So what I expect to happen is that Microsoft, for example, will immediately remove MD5 from their own root certificates. And so the next update to the Windows root authority database will remove certainly Microsoft's MD5, and I imagine Thawte, GTE, Equifax, I mean, you can imagine how fast Equifax is scrambling since they're the ones that happened to get hacked because their MD5 certificate...

Leo: They're the poster boys.

Steve: Exactly. It was sitting in there and widely distributed across all the clients that are using SSL on the Internet.

Leo: Wow.

Steve: Yeah.

Leo: So does this impact other technologies using MD5? I mean, MD5 is still a widely used hash.

Steve: Well, what this says is that MD5 is clearly no longer safe. MD5 is now - it can now be said that MD5 is not just dented, it is broken. The fact that you can deploy, I mean, two weeks is not that long, even though you need 200 PS3s. I mean, you can imagine an ad hoc, some sort of, like, Internet network of PS3s, cranking along in their spare time. And there have been projects that repurposed these kinds of gaming platforms through peer-to-peer networks for searching through SETI star noise and folding of biological organisms and all kinds of different things. So you could imagine that it would be possible for other exploits using MD5. Basically, MD5 makes sense in low-security applications where you want a fingerprint. But having said that, and given that SHA-1 is so available...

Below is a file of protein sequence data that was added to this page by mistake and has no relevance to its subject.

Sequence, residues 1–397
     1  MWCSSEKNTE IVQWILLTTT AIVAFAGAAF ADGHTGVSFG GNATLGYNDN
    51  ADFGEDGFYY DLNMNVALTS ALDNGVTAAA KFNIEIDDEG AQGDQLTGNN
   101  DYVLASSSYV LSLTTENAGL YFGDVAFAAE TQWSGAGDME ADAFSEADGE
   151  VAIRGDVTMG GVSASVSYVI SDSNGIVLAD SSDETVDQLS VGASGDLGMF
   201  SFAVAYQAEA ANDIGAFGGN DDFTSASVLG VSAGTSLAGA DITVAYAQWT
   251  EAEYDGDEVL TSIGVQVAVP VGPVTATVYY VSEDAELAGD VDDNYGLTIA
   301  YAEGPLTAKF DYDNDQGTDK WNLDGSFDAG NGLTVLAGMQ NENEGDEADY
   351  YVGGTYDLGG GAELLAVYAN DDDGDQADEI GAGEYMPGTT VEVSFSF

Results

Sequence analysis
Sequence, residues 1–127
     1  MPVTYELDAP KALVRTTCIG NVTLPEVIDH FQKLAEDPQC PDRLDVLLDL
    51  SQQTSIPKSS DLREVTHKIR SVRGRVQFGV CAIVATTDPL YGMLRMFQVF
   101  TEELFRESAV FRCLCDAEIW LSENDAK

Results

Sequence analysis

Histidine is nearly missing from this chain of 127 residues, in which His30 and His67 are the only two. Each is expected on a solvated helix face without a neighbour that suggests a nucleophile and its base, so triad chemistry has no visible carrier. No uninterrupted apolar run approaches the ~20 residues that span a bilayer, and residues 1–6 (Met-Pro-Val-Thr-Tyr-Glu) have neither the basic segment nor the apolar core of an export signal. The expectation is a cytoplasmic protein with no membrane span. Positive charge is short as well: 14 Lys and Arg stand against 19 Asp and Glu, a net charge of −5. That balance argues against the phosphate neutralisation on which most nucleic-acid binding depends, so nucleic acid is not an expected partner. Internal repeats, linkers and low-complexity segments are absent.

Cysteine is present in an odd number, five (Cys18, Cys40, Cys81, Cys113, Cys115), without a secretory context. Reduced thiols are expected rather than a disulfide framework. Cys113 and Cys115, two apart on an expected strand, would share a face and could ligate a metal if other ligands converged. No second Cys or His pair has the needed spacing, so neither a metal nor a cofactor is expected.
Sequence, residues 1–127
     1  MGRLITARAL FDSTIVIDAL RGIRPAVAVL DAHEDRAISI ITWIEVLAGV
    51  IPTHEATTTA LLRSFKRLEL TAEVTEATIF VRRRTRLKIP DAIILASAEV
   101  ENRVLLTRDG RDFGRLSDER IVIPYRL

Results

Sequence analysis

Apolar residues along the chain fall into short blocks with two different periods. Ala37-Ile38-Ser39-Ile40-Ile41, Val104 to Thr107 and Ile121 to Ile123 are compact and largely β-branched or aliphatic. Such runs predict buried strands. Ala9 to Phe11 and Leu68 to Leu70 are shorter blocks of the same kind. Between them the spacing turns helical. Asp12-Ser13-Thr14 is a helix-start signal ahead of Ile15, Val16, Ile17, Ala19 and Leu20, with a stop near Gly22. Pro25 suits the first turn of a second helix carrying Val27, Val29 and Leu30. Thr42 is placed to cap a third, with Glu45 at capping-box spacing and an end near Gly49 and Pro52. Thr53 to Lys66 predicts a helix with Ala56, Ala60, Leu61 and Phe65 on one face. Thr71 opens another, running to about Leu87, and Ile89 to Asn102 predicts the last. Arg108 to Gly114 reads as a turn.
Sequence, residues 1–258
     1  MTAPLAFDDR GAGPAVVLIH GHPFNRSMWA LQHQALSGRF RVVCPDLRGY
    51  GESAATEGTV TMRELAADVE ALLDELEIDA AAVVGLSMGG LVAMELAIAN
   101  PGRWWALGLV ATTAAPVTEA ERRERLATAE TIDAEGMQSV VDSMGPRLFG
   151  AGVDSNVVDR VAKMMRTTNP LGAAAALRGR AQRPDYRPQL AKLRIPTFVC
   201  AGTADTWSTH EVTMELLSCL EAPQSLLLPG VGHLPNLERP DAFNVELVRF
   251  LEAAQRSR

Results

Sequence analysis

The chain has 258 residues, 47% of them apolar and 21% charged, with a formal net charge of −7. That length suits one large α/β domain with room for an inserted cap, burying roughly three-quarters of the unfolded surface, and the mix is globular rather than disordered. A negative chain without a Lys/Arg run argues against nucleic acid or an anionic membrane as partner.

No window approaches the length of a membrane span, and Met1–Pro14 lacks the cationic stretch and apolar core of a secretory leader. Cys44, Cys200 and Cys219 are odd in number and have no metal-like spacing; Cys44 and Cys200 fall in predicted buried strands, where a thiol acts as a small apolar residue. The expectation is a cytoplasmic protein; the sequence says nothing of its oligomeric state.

Leo: And so effective and uncracked, yeah.

Steve: Exactly. Why not use it? I mean, I think this is the death knell for MD5.

Leo: It's a big shock. So is there anything people can do at this point? I mean, there's no, I mean, all these certificate authorities have to change their technology; right?

Steve: Yeah. I would say, I mean, if somebody were - if you were the CIA or somebody who was really concerned, what you could do is go through your root store - and again, on the show notes for Episode 177, snipurl.com/sn177, I will show our users how to do this. I'll see if I can do it on the Mac. I'm not nearly as familiar with the Mac as I am with Windows. But it's certainly possible to look through the root certificate store. And users could delete any of the certificates that are signed using MD5. And in doing so, they have essentially said to their computer, okay, this computer is no longer going to accept MD5-signed certificates. Which, you know, it does solve the problem. You may find that if there were a website that didn't have, for example, both MD5 and SHA-1, if it was only signed with an MD5 cert and not co-signed with an SHA-1, then you may not be able to connect with SSL. And then you'd have to decide if you wanted to or not. Now remember, this, however, would only be used as part of a blended attack. So two things are necessary. You would need not only to be able to have a spoofed certificate offered by a server, that is, the destination server that you go to, but also some way of diverting you to that. Now, as it happens, earlier this year we talked about DNS spoofing and the so-called Kaminsky Attack, which does exactly that.

Leo: Aha.